My oldest currently running computer isn't too old (maybe circa 2006), but I've a real workhorse of a keyboard.
It came with Pentium 166 (with MMX ) in the summer of 1996, it has the unusual feature of having the specialised Windows 95 keys, and an old-skool AT plug that even when new, had to be fitted with a PS2 adapter.
It's been a real favourite to type on and it's coming up to 20 years of heavy daily use.
Even though I'm employed as a software developer the first contact with any kind of programming language was when I already was in my 20's. I learned C/C++, then Java at the University and at work I'm mostly using C#. Some Java as well and I'm also forced to use Delphi (urgh). I also did some programming work in Perl at my old company, but that language gives me headaches (quite literally!).
I really should dig out some of those old Amiga BASIC books and try to write some programs in that one, heh.
In one sense, Acorn won. Updated versions of its CPU, the Acorn RISC Machine or ARM, are used in mobile electronics everywhere. Unfortunately I don't think we ever saw an Archimedes (or even a BBC Micro) "on this side of the pond".
Yes the RISC technology lives on to this very day from the cell phone to the raspberry pi. I believe Russia will be utilizing some ARM technology in its new in-house processors. I hope Russia can make a secure processor so we can get away from GCHQ and NSA spy chips from hell. The Micromen film was fun to watch and brought back fond memories. In my opinion the BBC Micro was trash but the Archimedes was a beast.
I frequent that site. I've spent HOURS giving the files proper naming conventions for Windows machines while downloading the files individually. Thank God for 7-Zip's batch decompression. I found Daxx first, but then dropped it for a while. Later I came across off1k's mixes and started snagging tunes like crazy once I got hooked on dat Amiga Junglism. I sometimes upload tracks played in ImpulseTracker to YT, in mono/non-interpolated of course. Well… these days.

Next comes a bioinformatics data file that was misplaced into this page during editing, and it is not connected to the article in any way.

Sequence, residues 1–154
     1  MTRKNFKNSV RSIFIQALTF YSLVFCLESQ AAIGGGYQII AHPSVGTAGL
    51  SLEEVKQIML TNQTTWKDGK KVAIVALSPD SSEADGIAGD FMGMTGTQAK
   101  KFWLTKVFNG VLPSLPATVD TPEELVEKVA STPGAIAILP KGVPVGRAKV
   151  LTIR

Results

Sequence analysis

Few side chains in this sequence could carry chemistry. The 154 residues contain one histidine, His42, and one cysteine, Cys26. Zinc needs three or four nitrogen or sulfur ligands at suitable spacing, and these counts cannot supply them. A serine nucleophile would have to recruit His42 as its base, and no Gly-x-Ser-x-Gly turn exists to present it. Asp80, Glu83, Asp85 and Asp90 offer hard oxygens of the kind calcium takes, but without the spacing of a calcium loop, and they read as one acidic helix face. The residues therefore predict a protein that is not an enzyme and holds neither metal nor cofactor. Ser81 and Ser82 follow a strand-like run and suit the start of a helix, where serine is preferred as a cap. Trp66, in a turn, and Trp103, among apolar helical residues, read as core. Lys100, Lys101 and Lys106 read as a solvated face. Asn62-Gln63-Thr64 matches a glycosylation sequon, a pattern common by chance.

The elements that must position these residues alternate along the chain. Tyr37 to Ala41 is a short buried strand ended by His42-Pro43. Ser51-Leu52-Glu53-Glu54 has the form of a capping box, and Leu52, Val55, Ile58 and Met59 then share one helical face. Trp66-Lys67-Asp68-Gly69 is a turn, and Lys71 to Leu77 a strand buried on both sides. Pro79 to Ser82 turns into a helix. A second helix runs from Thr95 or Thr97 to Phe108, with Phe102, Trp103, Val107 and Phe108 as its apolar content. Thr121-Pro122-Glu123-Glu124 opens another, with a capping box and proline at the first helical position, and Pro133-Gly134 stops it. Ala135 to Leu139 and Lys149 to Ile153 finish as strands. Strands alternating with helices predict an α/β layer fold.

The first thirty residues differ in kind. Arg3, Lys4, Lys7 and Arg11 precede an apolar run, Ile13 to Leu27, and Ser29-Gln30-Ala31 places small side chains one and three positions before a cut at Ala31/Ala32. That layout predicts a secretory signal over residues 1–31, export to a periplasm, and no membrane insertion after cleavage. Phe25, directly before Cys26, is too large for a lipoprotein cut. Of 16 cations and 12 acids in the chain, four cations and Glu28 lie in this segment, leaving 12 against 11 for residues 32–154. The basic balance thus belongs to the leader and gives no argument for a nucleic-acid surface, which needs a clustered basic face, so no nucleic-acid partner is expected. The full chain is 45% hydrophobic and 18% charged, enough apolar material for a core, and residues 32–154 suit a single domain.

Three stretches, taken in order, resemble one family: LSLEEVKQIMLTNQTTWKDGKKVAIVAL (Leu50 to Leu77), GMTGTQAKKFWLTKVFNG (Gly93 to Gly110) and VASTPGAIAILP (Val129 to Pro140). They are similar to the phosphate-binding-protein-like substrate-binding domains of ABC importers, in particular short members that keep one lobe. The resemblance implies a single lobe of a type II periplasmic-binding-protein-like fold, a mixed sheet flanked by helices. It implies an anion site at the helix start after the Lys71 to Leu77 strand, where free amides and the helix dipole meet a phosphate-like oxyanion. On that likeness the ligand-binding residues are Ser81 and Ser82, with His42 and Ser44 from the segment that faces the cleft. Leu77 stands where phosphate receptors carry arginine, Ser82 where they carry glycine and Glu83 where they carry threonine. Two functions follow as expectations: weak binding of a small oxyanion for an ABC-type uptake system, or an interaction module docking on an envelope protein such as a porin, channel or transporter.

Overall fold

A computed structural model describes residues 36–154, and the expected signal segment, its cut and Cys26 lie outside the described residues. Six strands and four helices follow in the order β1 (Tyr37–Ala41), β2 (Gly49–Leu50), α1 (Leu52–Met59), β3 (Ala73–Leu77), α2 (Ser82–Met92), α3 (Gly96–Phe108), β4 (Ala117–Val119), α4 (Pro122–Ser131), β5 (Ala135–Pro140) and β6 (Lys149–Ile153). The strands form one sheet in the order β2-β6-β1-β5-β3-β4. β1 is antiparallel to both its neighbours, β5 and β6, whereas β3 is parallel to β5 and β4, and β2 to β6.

You should also check out various LSDJ artists like Danimal Cannon, Trey Frey, and Electric Children. They usually use a pair of them. Little Sound DJ is a ROM for the Game Boy (and GBC) that uses it's built-in sound system, and no, they aren't using emulators. It can use samples as well I think. It's as retro as composing with Protracker, but a lot more popular for some reason - it's probably that "chiptune" scene that causes it. Some people even have their GB's modified to have balanced (RCA) audio out!
Trey Frey's Très Frais is the current set of anthems in LSDJ composing and production. It even had 250 12" vinyls of it pressed. However, not all of the remixes use LSDJ, such as Tri Angles' mix - he uses Logic Pro X for OSX.
My other favorite concerning making music with old machines is HeavyW8bit who went so far as to make two whole ROMs for NES, one of which turns it into a complete-package live synthesizer, called NESK-1. He even pulled apart one of those toy synths to make a keyboard for it. His tunes usually comprise of a GB (possibly with LSDJ), an NES, and a C64 running Synthcart. He swaps between them in real time while it all mixes down into some recording software. It's a shame he's not more popular.
If you have high budget, go for i5 or i7 with graphic card (2 cores isn't enough for future); if you have medium budget, go Amd FX series with graphic card; other wise Amd APU with a high performance Ram is a good choice. But I think you should investigate to other part too like power supply, a good power supply save your bill very much (a good power supply can be with you over 10 years); a high grade mother board make your entire system run smooth and effective; a SSHD is good choice for HDD if you don't have a budget for a SSD. Keep balance your PC parts, a high performance Cpu/graphic card only can't bring full potential of your PC, like driving on off road with a F1 car.